Governments of Canada and Saskatchewan Invest in Pulse Starch Research
Today, Canada's Minister of Agriculture and Agri-Food Marie-Claude Bibeau and Saskatchewan Agriculture Minister David Marit announced $2.5 million in funding for research led by the University of Saskatchewan into new opportunities for starches from pulse crops.
"With Prairie farmers producing such a large percentage of Canada's pulse crop, the opportunities to process these crops and create new, higher-value products closer to home are enormous," said Bibeau. "Investments like this will stimulate further growth in the pulse and processing industries and will have long-term impacts on job growth in the sector."
"Today's investment will stimulate further development and growth in the Saskatchewan pulse and value-added industries by identifying new ways to process pulse starch," Marit said. "This research will bring us closer to a number of the goals outlined in Saskatchewan's Plan for Growth. These include our targets to process 50 per cent of Saskatchewan pulse crops in the province and increase value-added agriculture revenue to $10 billion."
The $2.5 million in funding through Saskatchewan's Strategic Research Initiative has been awarded to Dr. Yongfeng Ai at the University of Saskatchewan.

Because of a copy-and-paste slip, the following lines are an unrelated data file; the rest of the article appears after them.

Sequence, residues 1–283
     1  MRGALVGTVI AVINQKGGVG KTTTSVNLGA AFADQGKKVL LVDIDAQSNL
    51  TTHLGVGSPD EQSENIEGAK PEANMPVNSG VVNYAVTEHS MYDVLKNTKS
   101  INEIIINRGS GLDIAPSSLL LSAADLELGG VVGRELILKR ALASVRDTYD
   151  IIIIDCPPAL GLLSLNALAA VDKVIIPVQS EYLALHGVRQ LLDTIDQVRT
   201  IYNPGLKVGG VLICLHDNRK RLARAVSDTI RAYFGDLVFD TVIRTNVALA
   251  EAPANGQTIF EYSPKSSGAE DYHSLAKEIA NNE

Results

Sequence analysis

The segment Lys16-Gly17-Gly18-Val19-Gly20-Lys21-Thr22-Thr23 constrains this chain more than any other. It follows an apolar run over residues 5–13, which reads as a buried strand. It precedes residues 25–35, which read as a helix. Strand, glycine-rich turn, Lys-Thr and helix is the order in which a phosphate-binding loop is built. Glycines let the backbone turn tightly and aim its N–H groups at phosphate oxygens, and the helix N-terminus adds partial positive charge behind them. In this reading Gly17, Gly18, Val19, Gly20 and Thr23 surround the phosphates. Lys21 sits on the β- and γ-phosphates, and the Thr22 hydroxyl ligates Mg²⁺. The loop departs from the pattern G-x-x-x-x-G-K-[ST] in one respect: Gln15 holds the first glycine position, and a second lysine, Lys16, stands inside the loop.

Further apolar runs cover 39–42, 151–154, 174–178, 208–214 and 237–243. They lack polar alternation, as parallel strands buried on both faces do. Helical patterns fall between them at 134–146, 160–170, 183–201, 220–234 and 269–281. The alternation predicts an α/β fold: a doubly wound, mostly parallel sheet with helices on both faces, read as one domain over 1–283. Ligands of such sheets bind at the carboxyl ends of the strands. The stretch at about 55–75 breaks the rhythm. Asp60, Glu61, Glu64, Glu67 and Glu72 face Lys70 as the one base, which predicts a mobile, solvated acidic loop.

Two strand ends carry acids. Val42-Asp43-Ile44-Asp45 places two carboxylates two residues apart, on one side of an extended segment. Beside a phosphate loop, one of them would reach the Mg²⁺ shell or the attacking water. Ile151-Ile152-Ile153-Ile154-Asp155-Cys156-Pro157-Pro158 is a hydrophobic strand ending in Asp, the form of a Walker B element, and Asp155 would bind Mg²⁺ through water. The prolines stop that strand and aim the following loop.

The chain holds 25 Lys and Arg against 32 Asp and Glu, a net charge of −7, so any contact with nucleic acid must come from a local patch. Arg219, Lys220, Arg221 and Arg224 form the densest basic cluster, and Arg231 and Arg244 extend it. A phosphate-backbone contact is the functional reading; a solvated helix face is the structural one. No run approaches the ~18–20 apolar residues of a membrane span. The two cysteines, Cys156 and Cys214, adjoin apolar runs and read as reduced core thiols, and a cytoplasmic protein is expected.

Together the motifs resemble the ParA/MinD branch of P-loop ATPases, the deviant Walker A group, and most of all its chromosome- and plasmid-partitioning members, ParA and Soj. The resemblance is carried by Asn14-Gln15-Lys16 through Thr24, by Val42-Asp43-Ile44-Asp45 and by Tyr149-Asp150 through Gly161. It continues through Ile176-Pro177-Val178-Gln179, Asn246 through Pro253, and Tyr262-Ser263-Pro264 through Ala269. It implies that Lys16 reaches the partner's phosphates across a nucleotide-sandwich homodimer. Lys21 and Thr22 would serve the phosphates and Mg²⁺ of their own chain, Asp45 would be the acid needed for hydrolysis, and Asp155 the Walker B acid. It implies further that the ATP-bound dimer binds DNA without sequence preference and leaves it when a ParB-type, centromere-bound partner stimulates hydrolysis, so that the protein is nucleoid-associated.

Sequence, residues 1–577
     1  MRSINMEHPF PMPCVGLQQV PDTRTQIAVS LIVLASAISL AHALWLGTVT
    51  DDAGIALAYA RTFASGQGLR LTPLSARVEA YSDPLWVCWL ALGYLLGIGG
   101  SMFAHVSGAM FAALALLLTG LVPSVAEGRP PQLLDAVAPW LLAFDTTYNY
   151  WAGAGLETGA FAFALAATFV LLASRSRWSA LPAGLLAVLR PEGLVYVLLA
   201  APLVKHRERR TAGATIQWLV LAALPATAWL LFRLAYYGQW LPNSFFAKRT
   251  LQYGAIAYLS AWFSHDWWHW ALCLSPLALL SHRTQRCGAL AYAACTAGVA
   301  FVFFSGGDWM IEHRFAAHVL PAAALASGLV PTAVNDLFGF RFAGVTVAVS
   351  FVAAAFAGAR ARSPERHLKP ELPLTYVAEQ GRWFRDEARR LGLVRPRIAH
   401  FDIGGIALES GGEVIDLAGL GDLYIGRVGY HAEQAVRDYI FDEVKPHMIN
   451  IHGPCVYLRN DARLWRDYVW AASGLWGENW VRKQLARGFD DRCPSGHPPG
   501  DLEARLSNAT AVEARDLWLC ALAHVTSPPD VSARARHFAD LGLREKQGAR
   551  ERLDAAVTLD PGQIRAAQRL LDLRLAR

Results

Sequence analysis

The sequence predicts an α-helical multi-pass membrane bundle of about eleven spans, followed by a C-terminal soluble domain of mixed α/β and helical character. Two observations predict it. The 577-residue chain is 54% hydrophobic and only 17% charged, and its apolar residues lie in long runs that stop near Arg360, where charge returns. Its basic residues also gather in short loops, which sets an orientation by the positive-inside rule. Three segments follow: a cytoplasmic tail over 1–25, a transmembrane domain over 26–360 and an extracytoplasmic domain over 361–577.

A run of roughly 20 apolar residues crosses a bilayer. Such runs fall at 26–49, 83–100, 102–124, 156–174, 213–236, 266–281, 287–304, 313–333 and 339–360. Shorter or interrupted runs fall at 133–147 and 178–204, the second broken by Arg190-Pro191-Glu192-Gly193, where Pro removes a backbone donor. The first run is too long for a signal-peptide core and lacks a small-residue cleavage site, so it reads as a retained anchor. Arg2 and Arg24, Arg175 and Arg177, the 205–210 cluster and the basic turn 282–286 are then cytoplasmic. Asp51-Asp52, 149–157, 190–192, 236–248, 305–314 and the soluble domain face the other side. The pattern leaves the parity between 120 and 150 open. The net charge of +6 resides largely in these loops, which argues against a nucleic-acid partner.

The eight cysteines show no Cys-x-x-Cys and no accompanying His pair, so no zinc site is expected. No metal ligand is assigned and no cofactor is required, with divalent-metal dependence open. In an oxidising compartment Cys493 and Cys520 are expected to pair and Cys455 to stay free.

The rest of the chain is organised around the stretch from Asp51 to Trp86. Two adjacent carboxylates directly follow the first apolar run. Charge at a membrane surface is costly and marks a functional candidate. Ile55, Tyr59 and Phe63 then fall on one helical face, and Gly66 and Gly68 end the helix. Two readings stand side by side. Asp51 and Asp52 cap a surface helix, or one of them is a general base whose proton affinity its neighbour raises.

Pulse crops like beans, lentils, and peas contain starch. Starch has several uses, including as an ingredient in a variety of food products. The research team aims to advance the ability to separate starch from the seed, and further understand what is required to convert pulse starches into value-added products.
"This project will build the university's reputation as a leading research institution, working to highlight Canada's innovation ecosystem on the global stage," USask Vice-President Research Baljit Singh said. "Dr. Ai's work demonstrates the clear potential for development of value-added pulse products to industry and the public at large."
The pulse industry has expressed a strong interest in this research work, with InfraReady Products, C-Merak Foods, P&H Milling Group, and Saskatchewan Pulse Growers partnering on the project.
"A major component of our market development strategy is to diversify markets and end-uses for pulses," Saskatchewan Pulse Growers Executive Director Carl Potts said. "In order to further expand value-added processing of pulses in Saskatchewan, there needs to be strong demand for all co-products of pulse processing. In particular, we need more high value markets that can utilize starch in volume."
The Strategic Research Initiative is part of a suite of research and demonstration programs funded through the Canadian Agricultural Partnership, a five-year, $3 billion investment by Canada's federal, provincial and territorial governments to strengthen and grow Canada's agri-food and agri-products sectors. This commitment includes $2 billion for programs cost-shared by the federal and provincial/territorial governments that are designed and delivered by provinces and territories. More than $155 million of this funding comes from the Government of Saskatchewan.